Reefs have been in danger for a long time, but new research published today in the journal One Earth analyzes coral losses throughout the world. Since the 1950s, half of coral reefs have been destroyed, according to the study.
Coral reefs and the diversity of fish species they sustain are in significant drop from Australia's 1,430-mile (2,300-kilometer) Great Barrier Reef to the Indian Ocean's Saya de Malha Bank, a trend that is expected to continue as the globe warms in the twenty-first century.
Climate change, overfishing, and pollution, according to scientists, are causing havoc on these delicate ecosystems, jeopardizing populations, and livelihoods.
The Effects of Climate Change to Coral Reefs
The impact of these changes on 'ecosystem services,' or coral reefs' ability to deliver major benefits to people, was studied for the first time by researchers led by the University of British Columbia. From the 1950s to the present, changes in coral cover have been observed.
The researchers discovered that the loss of coral reef covering has resulted in more than 60 percent drop in fish biodiversity and biomass, as well as an equivalent reduction in ecosystem services.
They have cautioned that the ongoing degradation of global reef systems poses a threat to the well-being and progress of coastal populations that rely on reefs.
Coral reefs are an important source of food for billions of people across the world, particularly in island native groups where fish is the major source of animal protein, and experts are concerned about future food security.
Even though the study only looked at data from 3,582 reefs from 1957 to 2007, scientists were convinced that the worldwide trend had persisted, with bleaching, illness, and disturbances driving the reductions. The deterioration of coral reef ecosystems had previously been documented at a national level, Tyler Eddy, a research Scientist at Memorial University of Newfoundland who conducted the study, said he was shocked by the scale of the damage.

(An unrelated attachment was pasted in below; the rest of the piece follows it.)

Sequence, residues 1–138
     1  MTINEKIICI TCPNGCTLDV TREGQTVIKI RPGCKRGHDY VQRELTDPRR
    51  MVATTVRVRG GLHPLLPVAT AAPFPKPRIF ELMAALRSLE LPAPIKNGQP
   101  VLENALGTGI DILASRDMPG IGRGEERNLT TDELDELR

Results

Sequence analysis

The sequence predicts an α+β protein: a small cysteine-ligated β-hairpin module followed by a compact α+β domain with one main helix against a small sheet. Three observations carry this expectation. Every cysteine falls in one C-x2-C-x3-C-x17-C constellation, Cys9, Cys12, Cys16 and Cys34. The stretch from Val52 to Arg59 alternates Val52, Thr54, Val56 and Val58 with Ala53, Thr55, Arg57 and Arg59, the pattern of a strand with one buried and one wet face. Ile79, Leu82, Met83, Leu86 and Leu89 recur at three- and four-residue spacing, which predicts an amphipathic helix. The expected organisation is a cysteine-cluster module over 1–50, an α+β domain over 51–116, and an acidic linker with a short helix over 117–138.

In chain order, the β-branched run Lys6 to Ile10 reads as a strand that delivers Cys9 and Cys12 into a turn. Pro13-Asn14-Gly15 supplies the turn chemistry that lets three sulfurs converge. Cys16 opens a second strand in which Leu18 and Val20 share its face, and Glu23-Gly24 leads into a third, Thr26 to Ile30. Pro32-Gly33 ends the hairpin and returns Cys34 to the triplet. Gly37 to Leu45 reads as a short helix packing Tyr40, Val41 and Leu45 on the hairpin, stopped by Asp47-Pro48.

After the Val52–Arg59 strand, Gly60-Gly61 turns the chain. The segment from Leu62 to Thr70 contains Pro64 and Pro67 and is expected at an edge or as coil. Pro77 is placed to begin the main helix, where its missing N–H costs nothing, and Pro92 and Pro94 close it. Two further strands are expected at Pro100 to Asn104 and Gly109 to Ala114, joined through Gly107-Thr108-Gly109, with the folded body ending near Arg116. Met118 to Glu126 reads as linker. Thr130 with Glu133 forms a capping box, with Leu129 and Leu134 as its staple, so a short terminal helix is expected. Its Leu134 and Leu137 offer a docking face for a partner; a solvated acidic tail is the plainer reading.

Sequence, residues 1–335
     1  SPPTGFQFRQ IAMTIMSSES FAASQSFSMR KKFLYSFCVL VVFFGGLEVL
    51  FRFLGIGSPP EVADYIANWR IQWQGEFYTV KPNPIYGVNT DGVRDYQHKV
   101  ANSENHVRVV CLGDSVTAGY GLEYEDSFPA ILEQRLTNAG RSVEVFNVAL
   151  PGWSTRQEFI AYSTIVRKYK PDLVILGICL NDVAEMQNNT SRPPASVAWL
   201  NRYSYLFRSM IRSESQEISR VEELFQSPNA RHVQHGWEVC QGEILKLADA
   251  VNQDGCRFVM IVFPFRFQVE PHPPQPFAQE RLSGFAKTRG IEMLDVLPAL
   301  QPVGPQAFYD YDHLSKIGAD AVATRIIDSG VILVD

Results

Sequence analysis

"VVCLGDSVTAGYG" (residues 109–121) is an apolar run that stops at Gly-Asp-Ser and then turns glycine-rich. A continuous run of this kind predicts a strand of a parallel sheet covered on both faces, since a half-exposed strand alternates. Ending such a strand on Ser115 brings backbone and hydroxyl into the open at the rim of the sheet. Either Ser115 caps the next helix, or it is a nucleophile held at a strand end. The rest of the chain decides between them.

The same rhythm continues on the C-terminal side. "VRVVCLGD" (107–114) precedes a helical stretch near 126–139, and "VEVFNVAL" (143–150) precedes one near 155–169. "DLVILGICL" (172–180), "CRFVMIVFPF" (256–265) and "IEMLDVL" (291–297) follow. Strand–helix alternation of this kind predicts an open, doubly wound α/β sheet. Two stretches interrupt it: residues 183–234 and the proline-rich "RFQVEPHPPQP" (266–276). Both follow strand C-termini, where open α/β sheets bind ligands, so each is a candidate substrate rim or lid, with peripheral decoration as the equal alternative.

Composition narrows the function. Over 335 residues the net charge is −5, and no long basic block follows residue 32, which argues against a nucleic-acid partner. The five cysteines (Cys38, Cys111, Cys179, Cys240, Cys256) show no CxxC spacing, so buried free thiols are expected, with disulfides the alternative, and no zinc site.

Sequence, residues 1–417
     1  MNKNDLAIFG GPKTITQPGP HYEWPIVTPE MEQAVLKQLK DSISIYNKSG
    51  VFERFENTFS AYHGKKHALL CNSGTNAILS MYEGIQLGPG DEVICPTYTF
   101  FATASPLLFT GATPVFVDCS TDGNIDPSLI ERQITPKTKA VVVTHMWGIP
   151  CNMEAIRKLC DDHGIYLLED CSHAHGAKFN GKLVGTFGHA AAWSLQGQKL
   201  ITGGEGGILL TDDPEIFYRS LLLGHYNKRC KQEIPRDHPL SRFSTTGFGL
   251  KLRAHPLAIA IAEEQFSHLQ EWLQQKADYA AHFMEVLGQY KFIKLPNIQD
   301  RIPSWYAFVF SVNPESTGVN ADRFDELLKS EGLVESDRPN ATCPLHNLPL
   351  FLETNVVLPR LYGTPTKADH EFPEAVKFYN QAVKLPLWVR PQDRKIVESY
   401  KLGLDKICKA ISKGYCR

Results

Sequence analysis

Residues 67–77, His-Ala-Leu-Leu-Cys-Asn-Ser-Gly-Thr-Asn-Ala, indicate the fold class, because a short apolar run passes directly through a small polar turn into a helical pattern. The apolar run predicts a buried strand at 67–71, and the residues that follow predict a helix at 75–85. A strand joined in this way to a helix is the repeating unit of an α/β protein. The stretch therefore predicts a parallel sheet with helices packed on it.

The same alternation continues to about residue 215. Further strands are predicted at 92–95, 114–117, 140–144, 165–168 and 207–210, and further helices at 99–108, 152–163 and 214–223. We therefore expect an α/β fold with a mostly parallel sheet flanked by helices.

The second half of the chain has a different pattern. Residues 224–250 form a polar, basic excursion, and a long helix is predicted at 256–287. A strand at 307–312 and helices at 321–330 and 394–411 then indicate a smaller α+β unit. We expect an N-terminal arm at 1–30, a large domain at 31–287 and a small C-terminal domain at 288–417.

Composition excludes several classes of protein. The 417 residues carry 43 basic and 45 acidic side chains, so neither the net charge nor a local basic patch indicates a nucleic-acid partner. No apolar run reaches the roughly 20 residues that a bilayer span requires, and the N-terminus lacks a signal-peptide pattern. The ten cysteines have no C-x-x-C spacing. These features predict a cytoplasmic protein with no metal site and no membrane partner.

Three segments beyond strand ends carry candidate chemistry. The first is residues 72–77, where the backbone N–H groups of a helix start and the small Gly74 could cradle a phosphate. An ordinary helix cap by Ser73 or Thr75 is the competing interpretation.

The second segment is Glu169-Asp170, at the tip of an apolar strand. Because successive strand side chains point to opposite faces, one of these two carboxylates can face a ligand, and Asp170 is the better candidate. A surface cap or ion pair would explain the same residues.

Researchers noted that the variety of species on the reef was changing in certain regions when analyzing the surveys, with temperature-sensitive fish dropping and more robust species becoming prevalent, according to Eddy.
Despite regional variances, worldwide coral reef health has continued to decrease, according to John Bruno, a marine biologist at the University of North Carolina and co-author of the research.
They also looked at variations in fishing across the food chain, as well as Indigenous peoples' seafood intake along the coast.
The team was able to analyze both global and country-level changes in coral-related ecosystem services using data from a variety of sources, including coral reef surveys, biodiversity assessments, and fisheries statistics.
Types of Coral Reef Systems
There are three types of coral reef systems the bordering reef is the most frequent form of reef. This sort of reef grows immediately out to sea from the beach. They create boundaries along the seashore and on the islands that surround them.
An atoll is produced when a bordering reef continues to develop upward from a volcanic island that has sunk completely below sea level. Atolls are typically round or oval in form, with a central open lagoon.
Barrier reefs are like fringing reefs in that they both border a coastline, but instead of extending directly out from the beach, they are separated from the land by a large body of water. Between the reef and the coast, a lagoon of open, frequently deep-water forms.
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